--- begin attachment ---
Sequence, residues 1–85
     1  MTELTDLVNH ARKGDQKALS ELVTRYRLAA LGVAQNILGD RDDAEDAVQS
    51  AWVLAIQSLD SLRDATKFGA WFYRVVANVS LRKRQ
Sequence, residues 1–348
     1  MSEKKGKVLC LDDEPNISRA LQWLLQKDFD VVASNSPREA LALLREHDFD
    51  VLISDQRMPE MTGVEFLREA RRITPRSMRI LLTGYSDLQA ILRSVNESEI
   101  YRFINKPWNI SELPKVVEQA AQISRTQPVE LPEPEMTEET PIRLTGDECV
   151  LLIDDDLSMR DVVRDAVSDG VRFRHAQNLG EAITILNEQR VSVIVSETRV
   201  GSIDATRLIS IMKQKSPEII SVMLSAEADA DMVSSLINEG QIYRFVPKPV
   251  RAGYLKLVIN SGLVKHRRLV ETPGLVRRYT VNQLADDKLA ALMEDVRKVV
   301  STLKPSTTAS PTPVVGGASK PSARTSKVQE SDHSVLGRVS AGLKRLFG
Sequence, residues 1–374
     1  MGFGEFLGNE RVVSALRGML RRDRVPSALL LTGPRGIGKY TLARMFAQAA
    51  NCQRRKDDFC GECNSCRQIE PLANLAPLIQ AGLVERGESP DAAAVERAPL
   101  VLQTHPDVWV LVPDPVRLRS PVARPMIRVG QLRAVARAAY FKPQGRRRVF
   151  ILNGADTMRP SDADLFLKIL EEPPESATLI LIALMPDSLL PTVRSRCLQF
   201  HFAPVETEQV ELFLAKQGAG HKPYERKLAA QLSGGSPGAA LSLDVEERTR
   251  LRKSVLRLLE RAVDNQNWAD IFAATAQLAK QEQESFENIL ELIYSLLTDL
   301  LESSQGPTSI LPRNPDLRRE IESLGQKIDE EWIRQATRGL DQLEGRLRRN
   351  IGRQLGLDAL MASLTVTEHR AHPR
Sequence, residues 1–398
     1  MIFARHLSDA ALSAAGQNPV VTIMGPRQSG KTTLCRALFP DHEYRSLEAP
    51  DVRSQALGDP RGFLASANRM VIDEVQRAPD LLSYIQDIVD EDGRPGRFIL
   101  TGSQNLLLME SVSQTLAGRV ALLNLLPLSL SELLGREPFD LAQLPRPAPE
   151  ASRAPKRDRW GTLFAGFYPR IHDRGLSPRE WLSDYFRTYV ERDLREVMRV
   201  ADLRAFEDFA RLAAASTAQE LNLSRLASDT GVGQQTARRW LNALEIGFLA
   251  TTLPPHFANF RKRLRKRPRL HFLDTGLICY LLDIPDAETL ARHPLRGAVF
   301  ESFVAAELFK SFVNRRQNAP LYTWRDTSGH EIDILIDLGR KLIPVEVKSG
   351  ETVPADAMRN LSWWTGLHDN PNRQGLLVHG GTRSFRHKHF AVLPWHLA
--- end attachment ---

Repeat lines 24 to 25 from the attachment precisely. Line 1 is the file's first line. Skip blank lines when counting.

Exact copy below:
   101  TGSQNLLLME SVSQTLAGRV ALLNLLPLSL SELLGREPFD LAQLPRPAPE
   151  ASRAPKRDRW GTLFAGFYPR IHDRGLSPRE WLSDYFRTYV ERDLREVMRV